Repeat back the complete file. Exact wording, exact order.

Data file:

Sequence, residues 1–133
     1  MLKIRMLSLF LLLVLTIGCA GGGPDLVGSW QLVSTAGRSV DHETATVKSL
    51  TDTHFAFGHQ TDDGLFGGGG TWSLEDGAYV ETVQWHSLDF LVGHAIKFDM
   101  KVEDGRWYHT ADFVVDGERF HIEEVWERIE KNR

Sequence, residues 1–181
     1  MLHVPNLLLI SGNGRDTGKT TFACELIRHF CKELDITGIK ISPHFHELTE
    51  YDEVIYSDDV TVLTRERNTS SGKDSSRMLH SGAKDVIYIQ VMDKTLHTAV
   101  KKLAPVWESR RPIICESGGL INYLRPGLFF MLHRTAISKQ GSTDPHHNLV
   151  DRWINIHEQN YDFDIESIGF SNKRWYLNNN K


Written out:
Sequence, residues 1–133
     1  MLKIRMLSLF LLLVLTIGCA GGGPDLVGSW QLVSTAGRSV DHETATVKSL
    51  TDTHFAFGHQ TDDGLFGGGG TWSLEDGAYV ETVQWHSLDF LVGHAIKFDM
   101  KVEDGRWYHT ADFVVDGERF HIEEVWERIE KNR

Sequence, residues 1–181
     1  MLHVPNLLLI SGNGRDTGKT TFACELIRHF CKELDITGIK ISPHFHELTE
    51  YDEVIYSDDV TVLTRERNTS SGKDSSRMLH SGAKDVIYIQ VMDKTLHTAV
   101  KKLAPVWESR RPIICESGGL INYLRPGLFF MLHRTAISKQ GSTDPHHNLV
   151  DRWINIHEQN YDFDIESIGF SNKRWYLNNN K